We had been quarantined together since it COVID-19 hit in March and were both in desperate need of getting out of our county and into the mountains somewhere new while trill stying to stay "local".  Adam had never hiked Macedonia Brook and ever since that November walk, I was eager to be back in my hiking shoes to hike the loop trail around the park.  

We pulled into the park and set off on the trail on a sunny Sunday.  I did a little bit of research and discovered that the counter-clockwise loop was the best direction for completing this hike, letting you climb up the steep sections instead of down which I greatly prefer.  The trail starts on the right side of the road and we quickly began climbing in elevation as we shared happy smiles, thankful for the change of scenery and the sunshine.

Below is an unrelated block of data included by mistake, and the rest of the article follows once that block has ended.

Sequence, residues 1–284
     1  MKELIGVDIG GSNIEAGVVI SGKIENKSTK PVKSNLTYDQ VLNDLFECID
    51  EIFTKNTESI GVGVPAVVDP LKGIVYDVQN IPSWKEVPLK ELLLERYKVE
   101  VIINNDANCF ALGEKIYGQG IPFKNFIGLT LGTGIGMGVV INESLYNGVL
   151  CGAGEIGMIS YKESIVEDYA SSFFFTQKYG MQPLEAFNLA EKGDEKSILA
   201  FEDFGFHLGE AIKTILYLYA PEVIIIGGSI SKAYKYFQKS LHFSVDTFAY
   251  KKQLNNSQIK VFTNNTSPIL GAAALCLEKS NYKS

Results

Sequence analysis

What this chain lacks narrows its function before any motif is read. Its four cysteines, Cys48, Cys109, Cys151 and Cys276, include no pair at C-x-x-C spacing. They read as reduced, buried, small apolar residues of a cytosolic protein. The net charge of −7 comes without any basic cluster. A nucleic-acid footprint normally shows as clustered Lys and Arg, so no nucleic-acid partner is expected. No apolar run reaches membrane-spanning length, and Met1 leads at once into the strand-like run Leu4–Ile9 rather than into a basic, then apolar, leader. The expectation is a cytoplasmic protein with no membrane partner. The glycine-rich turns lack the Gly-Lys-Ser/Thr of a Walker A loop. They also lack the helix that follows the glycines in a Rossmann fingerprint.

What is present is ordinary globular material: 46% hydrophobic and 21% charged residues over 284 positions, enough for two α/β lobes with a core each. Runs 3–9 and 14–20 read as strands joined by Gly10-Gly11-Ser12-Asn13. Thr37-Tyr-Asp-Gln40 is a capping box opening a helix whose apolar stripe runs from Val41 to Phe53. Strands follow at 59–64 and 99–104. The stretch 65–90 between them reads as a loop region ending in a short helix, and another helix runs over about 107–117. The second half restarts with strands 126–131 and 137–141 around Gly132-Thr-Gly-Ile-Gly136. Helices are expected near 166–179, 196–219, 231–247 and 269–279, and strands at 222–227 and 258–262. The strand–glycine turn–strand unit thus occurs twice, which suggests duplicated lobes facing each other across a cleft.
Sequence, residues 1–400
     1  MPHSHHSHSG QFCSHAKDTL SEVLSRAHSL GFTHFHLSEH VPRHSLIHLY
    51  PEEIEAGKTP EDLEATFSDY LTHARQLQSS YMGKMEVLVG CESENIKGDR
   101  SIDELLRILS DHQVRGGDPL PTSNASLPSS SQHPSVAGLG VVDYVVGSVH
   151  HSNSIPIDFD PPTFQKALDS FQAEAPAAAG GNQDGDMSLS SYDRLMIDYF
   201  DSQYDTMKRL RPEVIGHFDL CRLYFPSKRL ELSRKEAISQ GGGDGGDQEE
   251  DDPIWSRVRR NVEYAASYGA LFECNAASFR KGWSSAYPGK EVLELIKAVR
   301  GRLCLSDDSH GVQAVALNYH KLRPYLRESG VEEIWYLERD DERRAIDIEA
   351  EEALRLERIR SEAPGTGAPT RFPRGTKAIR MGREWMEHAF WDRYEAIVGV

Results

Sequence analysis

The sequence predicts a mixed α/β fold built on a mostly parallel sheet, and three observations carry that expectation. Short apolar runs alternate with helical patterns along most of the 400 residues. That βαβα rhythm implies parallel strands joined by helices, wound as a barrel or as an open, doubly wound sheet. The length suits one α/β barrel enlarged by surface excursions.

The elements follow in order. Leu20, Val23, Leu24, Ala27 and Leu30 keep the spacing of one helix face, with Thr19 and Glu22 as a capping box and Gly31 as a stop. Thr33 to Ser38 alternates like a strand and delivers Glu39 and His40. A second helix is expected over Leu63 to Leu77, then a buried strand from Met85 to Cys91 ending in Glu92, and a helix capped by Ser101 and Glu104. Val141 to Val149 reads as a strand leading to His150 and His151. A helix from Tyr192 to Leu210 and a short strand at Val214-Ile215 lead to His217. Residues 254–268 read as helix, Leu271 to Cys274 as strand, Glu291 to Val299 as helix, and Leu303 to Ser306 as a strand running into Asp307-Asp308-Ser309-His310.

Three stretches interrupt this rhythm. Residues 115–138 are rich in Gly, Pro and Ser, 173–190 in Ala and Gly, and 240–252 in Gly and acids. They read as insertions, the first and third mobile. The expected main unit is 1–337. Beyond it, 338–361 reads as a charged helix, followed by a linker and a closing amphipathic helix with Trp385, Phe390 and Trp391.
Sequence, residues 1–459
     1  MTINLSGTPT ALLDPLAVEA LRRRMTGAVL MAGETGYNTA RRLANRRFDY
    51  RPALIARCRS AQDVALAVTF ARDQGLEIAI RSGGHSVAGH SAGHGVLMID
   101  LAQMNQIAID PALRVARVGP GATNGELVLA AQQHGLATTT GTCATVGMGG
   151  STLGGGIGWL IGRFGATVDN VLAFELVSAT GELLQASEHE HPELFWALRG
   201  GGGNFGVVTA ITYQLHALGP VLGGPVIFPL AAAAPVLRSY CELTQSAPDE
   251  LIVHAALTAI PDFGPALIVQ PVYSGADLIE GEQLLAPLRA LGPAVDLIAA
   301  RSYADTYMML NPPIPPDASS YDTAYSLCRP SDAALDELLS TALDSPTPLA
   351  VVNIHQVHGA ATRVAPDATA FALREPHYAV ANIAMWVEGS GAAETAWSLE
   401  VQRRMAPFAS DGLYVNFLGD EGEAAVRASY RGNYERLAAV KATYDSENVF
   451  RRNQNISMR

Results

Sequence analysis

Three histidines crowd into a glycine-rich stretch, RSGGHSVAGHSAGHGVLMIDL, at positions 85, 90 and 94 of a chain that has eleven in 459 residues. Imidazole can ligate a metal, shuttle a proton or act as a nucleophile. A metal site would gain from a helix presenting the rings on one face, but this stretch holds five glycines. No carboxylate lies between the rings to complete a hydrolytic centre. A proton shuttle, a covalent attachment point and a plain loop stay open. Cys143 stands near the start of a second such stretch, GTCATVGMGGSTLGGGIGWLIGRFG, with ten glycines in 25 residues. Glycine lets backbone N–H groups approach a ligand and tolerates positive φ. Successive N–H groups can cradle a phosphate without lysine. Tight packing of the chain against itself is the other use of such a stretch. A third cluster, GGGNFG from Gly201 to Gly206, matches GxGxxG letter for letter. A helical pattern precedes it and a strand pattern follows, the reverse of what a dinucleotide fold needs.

The wind picked up in large bursts at times and the trees were just starting to bud as we followed the well-marked blue trail.  The trail isn't your typical climb to the summit and return back own but instead, climbs up and down as you make your way to the north side of the park, across the road, and back down to where you started.  The climb starts out steady and consistent before leveling and dipping up and down.  At the northern part of the trail, you pass the auto road at the northern terminus and the alternate trailhead.  

The views along the trail are beautiful as you traverse the quiet woods.  It isn't until you make it to the west side of the park that you really start to get a sense of the elevation you gain as you scramble up a rock face to reach the viewpoints.  There was one section that was incredibly steep and the dogs needed a little bit of help getting up some steep rock faces. 

We stopped to take in the views of the Catskills and Taconic range in neighboring New York (and to snap a few photos) but mostly kept our feet moving along the quiet trail.